Interfaces is the overall term for the external connections between a system and the world around it.
Wikipedia has an article describing computer interfaces as "the shared boundaries" over which information is exchanged.
The article goes on to describe a system design method called "programming to the interface", which can be generalized further to "design to the interface".
A good system design consists of developing system requirements, which begin with interface specifications and functional specifications. This is followed by partitioning into smaller, more manageable blocks (often called subsystems or blocks, but generically they are also systems), and specifying the interface and functional requirements of each partitioned block. In complex systems, to maintain design independence avoid propagation of problems across interfaces, designers focus on the limited requirements for the functions and interfaces of their subsystems. Chaos is avoided by documenting requirements in functional specifications and interface control documents before detailed design begins.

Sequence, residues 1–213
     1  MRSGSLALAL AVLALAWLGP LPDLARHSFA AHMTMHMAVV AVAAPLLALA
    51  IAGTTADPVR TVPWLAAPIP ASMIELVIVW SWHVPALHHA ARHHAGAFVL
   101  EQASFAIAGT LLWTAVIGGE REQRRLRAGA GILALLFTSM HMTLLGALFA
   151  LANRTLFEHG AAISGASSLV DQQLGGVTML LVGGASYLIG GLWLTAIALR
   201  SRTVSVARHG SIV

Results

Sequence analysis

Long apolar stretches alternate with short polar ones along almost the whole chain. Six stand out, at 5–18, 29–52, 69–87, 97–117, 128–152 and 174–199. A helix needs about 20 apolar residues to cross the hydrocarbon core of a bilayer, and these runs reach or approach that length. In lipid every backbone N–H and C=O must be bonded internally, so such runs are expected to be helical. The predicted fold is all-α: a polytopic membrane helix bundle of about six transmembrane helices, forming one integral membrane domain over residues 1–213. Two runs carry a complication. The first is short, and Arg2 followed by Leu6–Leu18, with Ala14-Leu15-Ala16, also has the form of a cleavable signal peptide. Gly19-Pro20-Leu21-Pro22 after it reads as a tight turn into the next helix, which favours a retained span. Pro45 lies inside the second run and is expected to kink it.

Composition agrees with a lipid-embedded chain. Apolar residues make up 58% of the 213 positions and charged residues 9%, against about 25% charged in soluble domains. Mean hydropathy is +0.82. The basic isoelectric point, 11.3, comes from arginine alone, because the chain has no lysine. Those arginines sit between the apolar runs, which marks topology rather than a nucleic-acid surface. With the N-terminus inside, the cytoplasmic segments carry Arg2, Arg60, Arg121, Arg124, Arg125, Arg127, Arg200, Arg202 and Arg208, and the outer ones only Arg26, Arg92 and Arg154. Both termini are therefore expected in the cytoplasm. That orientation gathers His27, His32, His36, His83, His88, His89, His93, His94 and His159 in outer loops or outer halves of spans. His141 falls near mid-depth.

Interfaces include physical and logical connections between blocks.They include hardware connectors, electrical specifications, communications waveforms and protocols, software object properties and method signatures, spatial requirements (e.g. mounting requirements for hardware, including static devices and actuators). They also include human interfaces, like lights, buzzers, and video screens. Interfaces encompass all of these boundaries between a system and the world outside the system.